Jordan’s Prince Hamzah hoped to overthrow King Abdullah II with the backing of Saudi Arabia, according to court indictments against two alleged accomplices released Sunday.
Both the accused have close ties to neighbouring Saudi Arabia: former royal court chief Bassem Awadallah, who also holds Saudi nationality, and former special envoy to the kingdom, Sharif Hassan bin Zaid.
The two men face trial at the State Security Court later this month, and face up to 20 years in prison if found guilty, according to one of their lawyers.
But Hamzah, the king’s half-brother, who was accused of involvement in the alleged April 3 attempt to “destabilise the kingdom’s security”, will not stand trial.
Authorities have said his case had been resolved within the Hashemite royal family.
Regional powerhouse Saudi Arabia has fervently denied any involvement in the alleged plot.
After the news first broke, Riyadh quickly expressed “its full support” for Jordan “and for the decisions and measures taken by King Abdullah II and Crown Prince Hussein to safeguard security and stability”.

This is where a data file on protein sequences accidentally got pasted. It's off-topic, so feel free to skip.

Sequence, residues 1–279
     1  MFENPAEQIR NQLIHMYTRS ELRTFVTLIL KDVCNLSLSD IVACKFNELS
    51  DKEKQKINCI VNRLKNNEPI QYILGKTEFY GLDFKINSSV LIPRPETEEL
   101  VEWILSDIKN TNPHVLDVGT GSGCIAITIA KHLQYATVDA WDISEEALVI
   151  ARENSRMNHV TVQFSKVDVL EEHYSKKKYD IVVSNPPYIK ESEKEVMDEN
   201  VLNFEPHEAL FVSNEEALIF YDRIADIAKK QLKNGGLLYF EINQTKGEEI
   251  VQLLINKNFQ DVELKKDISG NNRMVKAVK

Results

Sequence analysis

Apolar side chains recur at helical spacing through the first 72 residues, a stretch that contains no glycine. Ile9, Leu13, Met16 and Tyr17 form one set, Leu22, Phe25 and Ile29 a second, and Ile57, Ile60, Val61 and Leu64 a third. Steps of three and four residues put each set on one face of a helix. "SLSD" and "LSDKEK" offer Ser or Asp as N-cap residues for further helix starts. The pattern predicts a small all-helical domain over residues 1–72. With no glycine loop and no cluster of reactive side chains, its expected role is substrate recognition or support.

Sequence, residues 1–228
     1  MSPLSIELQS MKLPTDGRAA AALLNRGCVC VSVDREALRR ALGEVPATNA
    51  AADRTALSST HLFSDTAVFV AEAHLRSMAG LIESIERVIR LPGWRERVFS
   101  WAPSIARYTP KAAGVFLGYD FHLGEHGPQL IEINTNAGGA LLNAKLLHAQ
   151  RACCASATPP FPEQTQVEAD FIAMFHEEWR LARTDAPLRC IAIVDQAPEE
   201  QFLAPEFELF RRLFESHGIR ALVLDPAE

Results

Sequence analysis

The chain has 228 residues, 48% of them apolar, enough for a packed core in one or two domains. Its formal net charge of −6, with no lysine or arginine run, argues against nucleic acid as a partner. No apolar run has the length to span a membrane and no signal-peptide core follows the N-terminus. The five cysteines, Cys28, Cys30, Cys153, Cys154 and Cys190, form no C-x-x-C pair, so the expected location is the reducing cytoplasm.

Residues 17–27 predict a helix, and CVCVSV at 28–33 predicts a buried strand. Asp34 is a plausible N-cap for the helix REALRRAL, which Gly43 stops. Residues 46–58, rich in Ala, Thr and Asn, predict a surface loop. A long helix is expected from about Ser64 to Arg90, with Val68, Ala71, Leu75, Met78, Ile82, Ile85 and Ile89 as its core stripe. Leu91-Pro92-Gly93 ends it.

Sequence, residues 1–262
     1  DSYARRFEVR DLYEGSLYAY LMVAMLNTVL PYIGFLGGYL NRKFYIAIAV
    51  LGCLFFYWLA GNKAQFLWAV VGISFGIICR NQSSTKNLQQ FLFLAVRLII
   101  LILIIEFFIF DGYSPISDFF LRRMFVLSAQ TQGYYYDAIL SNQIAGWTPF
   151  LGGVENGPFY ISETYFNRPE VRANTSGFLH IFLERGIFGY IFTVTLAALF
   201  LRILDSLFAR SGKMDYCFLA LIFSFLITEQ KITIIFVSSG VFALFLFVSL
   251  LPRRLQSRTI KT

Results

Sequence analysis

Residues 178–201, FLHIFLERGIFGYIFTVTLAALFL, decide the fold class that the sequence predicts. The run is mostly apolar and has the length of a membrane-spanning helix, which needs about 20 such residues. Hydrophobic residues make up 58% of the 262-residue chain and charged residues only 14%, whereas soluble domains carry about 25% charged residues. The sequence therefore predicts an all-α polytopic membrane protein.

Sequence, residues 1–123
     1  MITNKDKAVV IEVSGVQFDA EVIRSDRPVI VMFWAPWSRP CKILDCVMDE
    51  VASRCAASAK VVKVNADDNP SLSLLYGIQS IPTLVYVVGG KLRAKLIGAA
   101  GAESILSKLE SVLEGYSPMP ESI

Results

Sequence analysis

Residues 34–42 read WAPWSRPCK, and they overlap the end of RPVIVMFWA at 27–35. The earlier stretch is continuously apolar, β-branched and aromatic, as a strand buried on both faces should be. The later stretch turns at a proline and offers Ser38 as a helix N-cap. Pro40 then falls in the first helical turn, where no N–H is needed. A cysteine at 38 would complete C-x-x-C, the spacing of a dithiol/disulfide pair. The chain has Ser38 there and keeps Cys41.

But while Hamzah, the king’s half-brother, will not face trial, his alleged role will be central to the trial.
“Prince Hamzah was determined to satisfy his personal ambition to rule, in violation of the constitution and Hashemite custom,” the indictment read.
“To succeed, he sought to exploit the concerns and problems of the population and to arouse sedition and frustration in society,” it added.
Awadallah is considered by several Jordanian media outlets to be close to Saudi Crown Prince Mohamed bin Salman.
The indictment said Awadallah was “close to officials of the kingdom of Saudi Arabia” and had a network of contacts abroad.
Hamzah was reportedly especially concerned about Riyadh’s attitude.
“If something bad happens to me in Jordan, will Saudi officials help me or not?” Hamzah reportedly asked Awadallah, according to the indictment.